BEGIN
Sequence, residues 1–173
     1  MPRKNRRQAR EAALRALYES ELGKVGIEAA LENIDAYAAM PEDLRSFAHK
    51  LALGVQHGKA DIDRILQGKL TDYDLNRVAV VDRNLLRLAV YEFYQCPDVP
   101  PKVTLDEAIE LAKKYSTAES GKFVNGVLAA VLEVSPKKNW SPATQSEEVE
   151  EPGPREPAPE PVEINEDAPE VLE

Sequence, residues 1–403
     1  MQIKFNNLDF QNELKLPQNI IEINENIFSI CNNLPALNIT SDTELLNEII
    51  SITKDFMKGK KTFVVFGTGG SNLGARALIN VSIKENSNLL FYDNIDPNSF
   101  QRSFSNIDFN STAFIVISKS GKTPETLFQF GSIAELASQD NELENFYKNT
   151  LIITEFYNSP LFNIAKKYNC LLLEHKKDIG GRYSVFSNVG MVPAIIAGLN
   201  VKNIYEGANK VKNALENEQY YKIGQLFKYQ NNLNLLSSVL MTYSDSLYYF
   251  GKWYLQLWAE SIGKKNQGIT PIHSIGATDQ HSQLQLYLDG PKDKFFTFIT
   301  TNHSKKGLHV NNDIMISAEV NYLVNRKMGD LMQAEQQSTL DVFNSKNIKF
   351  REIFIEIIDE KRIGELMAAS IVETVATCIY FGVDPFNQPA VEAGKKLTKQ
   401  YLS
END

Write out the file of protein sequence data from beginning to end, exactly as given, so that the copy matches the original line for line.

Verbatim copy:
Sequence, residues 1–173
     1  MPRKNRRQAR EAALRALYES ELGKVGIEAA LENIDAYAAM PEDLRSFAHK
    51  LALGVQHGKA DIDRILQGKL TDYDLNRVAV VDRNLLRLAV YEFYQCPDVP
   101  PKVTLDEAIE LAKKYSTAES GKFVNGVLAA VLEVSPKKNW SPATQSEEVE
   151  EPGPREPAPE PVEINEDAPE VLE

Sequence, residues 1–403
     1  MQIKFNNLDF QNELKLPQNI IEINENIFSI CNNLPALNIT SDTELLNEII
    51  SITKDFMKGK KTFVVFGTGG SNLGARALIN VSIKENSNLL FYDNIDPNSF
   101  QRSFSNIDFN STAFIVISKS GKTPETLFQF GSIAELASQD NELENFYKNT
   151  LIITEFYNSP LFNIAKKYNC LLLEHKKDIG GRYSVFSNVG MVPAIIAGLN
   201  VKNIYEGANK VKNALENEQY YKIGQLFKYQ NNLNLLSSVL MTYSDSLYYF
   251  GKWYLQLWAE SIGKKNQGIT PIHSIGATDQ HSQLQLYLDG PKDKFFTFIT
   301  TNHSKKGLHV NNDIMISAEV NYLVNRKMGD LMQAEQQSTL DVFNSKNIKF
   351  REIFIEIIDE KRIGELMAAS IVETVATCIY FGVDPFNQPA VEAGKKLTKQ
   401  YLS